Tuesday, July 16, 2024

California Regulator Fines GM’s Cruise for Delayed Accident Disclosure

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California’s Public Utilities Commission (CPUC) has fined General Motors’ Cruise unit the maximum penalty for failing to promptly provide complete information about an accident involving one of its self-driving vehicles last year.

Cruise will pay $112,500, the maximum allowable by the CPUC, which amounts to a $7,500 fine for each of the 15 days it withheld information about the incident.

See also: GM to Infuse $850 Million into Cruise for Resumed Self-Driving Tests

Credit: Cruise

The incident has intensified scrutiny on self-driving vehicle companies like Alphabet’s Waymo and Amazon’s Zoox due to safety concerns following multiple crashes involving their vehicles.

As part of the penalty, Cruise must provide “collision reports” to the CPUC and the National Highway Traffic Safety Administration (NHTSA) for collisions occurring in California.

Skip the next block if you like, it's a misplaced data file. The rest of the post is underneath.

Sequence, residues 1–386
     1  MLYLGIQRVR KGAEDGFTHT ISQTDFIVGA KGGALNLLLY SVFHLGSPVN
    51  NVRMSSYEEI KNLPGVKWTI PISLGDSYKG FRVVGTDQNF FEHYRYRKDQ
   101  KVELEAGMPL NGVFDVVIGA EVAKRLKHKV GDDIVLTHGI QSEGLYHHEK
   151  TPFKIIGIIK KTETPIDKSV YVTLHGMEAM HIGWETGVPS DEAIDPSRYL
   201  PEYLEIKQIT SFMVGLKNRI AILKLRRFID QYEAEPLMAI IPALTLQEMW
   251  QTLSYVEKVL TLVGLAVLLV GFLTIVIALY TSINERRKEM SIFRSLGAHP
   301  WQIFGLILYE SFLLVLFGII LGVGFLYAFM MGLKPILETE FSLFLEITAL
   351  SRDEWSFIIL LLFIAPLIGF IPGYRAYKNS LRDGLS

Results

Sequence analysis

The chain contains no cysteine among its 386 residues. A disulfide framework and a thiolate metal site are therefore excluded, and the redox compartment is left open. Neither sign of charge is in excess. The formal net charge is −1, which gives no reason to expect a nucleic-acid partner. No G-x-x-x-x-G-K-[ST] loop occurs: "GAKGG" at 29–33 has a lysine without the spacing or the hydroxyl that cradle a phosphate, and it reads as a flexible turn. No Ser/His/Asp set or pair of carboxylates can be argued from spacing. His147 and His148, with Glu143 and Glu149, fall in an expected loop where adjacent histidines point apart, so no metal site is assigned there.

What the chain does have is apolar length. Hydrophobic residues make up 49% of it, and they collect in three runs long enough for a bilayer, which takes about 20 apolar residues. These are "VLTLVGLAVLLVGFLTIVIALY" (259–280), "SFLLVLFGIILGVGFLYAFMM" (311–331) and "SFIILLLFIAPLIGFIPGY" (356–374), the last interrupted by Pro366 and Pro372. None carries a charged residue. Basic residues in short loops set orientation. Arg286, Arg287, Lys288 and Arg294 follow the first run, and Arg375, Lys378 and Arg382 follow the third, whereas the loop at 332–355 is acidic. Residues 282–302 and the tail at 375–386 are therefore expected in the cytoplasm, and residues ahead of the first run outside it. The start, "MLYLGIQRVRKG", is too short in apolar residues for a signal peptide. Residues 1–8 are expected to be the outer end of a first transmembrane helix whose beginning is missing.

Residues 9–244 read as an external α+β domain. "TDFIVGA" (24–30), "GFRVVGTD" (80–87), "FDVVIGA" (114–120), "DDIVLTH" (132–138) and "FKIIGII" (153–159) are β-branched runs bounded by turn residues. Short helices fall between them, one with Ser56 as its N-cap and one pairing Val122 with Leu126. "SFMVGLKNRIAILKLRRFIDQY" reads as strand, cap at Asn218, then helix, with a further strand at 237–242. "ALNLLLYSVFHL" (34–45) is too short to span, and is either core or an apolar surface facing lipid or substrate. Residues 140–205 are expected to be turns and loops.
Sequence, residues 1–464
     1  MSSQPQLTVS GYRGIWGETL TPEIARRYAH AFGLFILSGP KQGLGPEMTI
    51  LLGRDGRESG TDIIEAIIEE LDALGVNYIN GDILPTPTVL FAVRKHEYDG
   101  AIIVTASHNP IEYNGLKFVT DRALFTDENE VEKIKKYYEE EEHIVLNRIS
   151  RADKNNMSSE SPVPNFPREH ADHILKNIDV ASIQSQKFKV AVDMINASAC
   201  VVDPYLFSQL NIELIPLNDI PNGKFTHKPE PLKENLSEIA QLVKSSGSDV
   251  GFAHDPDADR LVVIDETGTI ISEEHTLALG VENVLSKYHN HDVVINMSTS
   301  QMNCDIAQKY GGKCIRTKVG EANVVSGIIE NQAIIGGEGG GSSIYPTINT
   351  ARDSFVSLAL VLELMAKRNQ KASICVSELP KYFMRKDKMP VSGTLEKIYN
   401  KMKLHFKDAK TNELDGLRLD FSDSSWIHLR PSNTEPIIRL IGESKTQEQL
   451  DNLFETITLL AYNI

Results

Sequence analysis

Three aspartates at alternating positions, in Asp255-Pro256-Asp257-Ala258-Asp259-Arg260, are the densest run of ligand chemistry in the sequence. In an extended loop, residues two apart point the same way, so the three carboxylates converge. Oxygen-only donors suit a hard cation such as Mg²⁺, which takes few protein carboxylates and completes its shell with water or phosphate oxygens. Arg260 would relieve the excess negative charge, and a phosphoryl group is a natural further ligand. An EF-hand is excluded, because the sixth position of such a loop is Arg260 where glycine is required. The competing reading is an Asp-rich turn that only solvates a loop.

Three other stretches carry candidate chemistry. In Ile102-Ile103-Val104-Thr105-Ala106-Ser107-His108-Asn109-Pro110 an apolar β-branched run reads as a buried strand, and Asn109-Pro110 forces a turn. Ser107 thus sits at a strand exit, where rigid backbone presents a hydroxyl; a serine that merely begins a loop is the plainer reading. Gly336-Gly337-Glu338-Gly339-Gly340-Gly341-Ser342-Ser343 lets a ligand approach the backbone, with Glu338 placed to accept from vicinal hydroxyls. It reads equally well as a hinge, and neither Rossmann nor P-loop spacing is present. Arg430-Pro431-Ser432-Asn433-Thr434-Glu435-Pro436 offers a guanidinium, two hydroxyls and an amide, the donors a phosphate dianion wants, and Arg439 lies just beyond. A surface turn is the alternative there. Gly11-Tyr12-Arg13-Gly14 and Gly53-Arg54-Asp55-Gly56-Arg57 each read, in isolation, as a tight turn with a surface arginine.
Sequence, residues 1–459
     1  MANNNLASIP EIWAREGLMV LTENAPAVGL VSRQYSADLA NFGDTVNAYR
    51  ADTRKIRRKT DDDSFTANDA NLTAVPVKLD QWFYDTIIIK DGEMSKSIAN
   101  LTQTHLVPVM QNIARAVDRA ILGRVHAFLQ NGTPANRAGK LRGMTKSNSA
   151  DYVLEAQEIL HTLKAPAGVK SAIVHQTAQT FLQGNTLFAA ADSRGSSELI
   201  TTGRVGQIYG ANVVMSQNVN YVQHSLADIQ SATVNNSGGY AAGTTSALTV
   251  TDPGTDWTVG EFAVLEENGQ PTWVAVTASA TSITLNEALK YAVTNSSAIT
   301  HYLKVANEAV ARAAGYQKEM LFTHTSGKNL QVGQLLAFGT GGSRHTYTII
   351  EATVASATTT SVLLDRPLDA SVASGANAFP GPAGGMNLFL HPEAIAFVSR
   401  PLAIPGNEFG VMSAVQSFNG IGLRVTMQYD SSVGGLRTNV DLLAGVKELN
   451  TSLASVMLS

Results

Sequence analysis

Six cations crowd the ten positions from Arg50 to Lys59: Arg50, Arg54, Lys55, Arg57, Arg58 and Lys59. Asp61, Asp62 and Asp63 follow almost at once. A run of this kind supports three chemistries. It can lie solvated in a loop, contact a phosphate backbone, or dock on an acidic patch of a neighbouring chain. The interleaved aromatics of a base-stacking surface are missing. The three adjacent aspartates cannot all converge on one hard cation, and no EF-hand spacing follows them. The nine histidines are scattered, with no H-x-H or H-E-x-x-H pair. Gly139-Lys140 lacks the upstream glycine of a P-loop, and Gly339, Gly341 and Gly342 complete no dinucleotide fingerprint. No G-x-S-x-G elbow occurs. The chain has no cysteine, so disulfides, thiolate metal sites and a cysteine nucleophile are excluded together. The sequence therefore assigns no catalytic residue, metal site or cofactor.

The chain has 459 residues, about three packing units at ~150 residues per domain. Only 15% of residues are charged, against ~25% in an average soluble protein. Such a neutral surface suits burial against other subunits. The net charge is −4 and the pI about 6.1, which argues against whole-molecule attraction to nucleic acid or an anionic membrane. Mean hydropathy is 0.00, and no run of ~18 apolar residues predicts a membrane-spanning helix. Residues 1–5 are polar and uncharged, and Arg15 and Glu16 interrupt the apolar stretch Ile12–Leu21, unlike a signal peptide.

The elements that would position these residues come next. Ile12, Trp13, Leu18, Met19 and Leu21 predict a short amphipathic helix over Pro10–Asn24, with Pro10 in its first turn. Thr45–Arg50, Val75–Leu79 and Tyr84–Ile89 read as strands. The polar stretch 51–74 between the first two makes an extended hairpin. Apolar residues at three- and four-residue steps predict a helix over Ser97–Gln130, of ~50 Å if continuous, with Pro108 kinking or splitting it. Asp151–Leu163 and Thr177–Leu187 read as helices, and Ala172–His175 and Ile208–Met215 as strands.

See also: Cruise’s Autonomous Vehicle Return to Dallas Signals Redemption Efforts

Credit: Cruise

This action by the CPUC comes after Cruise raised its offer to settle a probe by the regulator over its delay in disclosing details of a pedestrian crash in San Francisco on Oct. 2. In that incident, a pedestrian was struck by another car and hit a second time by a Cruise robotaxi.

Following the San Francisco accident, Cruise’s permit to operate in California was suspended, and the NHTSA issued a recall of its vehicles. While Cruise resumed operations with a small fleet of human-driven vehicles in Phoenix, Arizona in April, its authority to provide passenger service in its autonomous vehicles remains suspended, according to the CPUC.

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